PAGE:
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|Craig Kelley for Cambridge City Council in 2015|
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. . . they'll spend less energy raising money and spend more energy responding to the concerns of their constituents . . .
Housing shrinks as election $ grows
Affordable housing opportunity
At the end of January, my wife and I received an interesting letter from Robert Healy, the Cambridge city manager. Amongst other things, Mr. Healy wanted to know if we were interested in donating our house to the Cambridge Affordable housing Trust. While I appreciate Mr. Healy's creative attempt to develop more affordable housing in Cambridge, I have a few different ideas for increasing Cambridge's affordable housing opportunities.
Before I continue, I should note that I am well aware of how tough it is to create affordable housing in Cambridge. My wife and I, along with a dozen other Cambridge residents, recently challenged the lack of sufficient affordable housing units in a proposed apartment complex (among the other perceived failings of the project). Almost immediately, we received letters from the project's attorney threatening, in effect, to take our own houses and retirement accounts to cover the expenses he claimed we were causing the project. Eventually, with no help from anyone on the council, we negotiated a settlement that included $60,000 to promote affordable housing in Cambridge. Sadly, the project wound up with no more affordable units, but we lacked the resources to continue the appeal and, to be honest, the blatant threat to our own homes was chilling.
How councilors can create affordable housing
Should the city councilors care about affordable housing as much as I and my fellow appellants, they each have the ability to provide considerable help to needy residents. And they don't even need to risk their own personal finances. According to the Cambridge Civic Journal, during the last election cycle, the 10 top-spending council candidates, nine of whom were elected, spent over $400,000 on campaign expenses. Mayor Galluccio alone spent over $65,000 on his campaign, about $25,000 more than the combined total of the 14 lowest-spending candidates.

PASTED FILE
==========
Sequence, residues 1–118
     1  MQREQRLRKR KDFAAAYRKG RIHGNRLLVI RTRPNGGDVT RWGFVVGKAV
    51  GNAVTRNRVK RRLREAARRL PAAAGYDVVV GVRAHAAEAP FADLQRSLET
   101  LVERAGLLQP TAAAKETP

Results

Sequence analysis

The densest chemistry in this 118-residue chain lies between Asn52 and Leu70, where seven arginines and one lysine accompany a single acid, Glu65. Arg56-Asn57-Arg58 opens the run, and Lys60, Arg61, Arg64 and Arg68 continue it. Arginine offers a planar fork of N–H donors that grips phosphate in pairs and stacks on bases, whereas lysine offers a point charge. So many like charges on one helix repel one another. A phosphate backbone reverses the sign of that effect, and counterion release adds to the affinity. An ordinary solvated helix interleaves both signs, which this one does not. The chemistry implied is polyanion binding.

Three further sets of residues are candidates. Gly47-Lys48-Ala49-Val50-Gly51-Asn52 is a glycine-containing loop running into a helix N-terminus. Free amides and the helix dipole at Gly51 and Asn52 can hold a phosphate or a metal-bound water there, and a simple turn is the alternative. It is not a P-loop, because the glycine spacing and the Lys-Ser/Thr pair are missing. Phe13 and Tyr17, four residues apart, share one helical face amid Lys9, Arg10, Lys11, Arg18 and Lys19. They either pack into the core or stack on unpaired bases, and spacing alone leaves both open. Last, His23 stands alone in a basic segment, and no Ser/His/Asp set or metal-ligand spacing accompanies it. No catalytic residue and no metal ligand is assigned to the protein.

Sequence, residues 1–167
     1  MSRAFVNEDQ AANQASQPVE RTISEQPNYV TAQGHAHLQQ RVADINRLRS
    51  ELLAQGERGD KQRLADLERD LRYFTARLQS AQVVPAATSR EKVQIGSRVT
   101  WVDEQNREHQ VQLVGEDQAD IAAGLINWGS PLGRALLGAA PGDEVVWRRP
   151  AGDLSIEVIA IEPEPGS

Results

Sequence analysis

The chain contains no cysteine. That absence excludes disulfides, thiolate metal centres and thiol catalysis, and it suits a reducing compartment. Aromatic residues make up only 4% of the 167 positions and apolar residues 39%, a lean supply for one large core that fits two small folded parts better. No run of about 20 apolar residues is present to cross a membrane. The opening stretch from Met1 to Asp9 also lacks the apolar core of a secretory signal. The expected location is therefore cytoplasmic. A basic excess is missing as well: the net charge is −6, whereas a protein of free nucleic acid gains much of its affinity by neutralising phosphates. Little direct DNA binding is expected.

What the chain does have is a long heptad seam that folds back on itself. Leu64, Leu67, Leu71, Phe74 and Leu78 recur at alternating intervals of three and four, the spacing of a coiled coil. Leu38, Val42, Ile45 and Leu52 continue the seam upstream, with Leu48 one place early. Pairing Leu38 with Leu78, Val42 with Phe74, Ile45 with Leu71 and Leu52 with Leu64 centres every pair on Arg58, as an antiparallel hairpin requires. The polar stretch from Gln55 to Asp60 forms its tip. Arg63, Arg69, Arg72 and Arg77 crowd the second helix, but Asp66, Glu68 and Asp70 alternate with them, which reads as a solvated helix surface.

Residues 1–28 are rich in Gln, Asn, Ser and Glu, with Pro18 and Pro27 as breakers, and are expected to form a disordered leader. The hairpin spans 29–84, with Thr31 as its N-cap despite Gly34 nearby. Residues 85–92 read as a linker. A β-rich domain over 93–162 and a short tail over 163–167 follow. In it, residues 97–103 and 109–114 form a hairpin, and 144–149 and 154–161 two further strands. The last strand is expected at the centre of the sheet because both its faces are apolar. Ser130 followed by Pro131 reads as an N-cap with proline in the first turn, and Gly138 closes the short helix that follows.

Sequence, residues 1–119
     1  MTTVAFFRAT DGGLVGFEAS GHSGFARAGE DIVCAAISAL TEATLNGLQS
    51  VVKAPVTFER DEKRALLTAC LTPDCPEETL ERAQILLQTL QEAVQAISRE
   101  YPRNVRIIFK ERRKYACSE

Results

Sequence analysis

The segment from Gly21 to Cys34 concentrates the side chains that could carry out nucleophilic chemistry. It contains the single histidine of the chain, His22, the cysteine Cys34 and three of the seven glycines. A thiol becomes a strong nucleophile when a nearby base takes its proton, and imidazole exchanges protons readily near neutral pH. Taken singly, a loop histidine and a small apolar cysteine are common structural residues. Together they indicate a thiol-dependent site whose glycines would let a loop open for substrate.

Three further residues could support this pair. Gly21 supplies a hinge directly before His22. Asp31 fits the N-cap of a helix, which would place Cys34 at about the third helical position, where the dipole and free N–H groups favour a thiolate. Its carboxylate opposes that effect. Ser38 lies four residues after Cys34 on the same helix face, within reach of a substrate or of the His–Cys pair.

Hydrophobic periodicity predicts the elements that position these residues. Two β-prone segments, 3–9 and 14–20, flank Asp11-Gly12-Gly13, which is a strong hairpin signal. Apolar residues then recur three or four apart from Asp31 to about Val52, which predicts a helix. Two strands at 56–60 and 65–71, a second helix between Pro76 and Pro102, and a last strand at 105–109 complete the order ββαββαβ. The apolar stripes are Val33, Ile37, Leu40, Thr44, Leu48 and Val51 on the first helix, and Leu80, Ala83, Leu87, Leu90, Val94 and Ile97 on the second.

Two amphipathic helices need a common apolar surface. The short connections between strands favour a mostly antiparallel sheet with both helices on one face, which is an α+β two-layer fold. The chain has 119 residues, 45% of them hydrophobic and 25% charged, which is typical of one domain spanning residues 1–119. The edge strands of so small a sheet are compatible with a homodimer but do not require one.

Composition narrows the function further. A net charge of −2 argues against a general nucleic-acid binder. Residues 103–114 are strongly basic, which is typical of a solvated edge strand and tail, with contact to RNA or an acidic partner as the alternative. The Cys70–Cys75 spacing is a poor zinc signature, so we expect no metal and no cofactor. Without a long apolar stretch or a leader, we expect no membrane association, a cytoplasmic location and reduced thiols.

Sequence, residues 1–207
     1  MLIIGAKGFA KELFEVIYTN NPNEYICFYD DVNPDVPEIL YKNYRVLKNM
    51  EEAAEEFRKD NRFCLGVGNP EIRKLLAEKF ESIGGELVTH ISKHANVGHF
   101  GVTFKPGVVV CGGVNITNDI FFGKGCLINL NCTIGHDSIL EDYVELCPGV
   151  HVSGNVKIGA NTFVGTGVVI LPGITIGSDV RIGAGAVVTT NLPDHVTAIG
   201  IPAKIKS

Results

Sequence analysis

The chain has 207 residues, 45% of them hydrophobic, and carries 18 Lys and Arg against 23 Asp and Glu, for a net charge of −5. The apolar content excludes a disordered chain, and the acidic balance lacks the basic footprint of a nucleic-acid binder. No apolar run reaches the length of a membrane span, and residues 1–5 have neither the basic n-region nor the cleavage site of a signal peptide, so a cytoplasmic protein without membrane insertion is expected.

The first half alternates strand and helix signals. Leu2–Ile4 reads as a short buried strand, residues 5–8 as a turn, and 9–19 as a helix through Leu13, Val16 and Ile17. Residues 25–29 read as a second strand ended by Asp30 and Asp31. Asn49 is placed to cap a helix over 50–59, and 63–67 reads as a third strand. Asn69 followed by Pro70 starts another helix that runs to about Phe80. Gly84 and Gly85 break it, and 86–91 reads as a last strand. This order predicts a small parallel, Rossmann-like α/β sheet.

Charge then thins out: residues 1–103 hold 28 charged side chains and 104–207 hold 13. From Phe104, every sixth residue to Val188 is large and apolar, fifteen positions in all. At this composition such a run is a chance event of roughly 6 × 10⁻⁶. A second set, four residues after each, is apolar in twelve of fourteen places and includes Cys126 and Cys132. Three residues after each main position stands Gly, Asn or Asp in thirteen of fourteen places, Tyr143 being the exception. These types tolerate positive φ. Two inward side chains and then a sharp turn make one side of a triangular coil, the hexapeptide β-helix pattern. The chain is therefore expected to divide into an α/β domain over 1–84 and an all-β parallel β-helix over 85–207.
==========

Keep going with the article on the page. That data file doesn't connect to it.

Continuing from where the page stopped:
Last year, a non-election year, councilors raked in still more thousands for their campaigns. This time, Councilor Sullivan led the pack, pulling in almost $34,000 for his campaign machine. I am certain that I'm not the only one who thinks this kind of money in local politics is nothing short of obscene.
Think how much housing just half of this election largesse could provide. The mayor alone could house two small families at market rates for almost a year. If the council managed to work on this issue together, their combined campaigns could house over a dozen needy families. And the councilors would still have over $180,000 to purchase their seats in the next election.
Of course, being a realist, I don't expect the councilors to direct potential campaign funds toward affordable housing. It's one thing to spend the public's money on affordable housing. It's quite another thing to have it come, more or less, out of their own pockets.
Inclusionary zoning percentage should be higher
The council could, however, create many more affordable units merely by ensuring that the city's inclusionary zoning provisions are properly enforced. A clear reading of the zoning regulations leads one to believe that large housing projects require 15 percent of the overall number of units to be affordable. Thus far, the city management has been satisfied to settle for 15 percent of the base number of units, resulting in a total affordable ratio of about 11 percent per project. The additional 4 percent, as is arguably required by law, would give many low-income residents a place to call home.
If the councilors care about the integrity of local politics, they'll spend less energy raising money and spend more energy responding to the concerns of their constituents. Properly enforcing the 15 percent inclusionary zoning requirement would be a good start on both counts.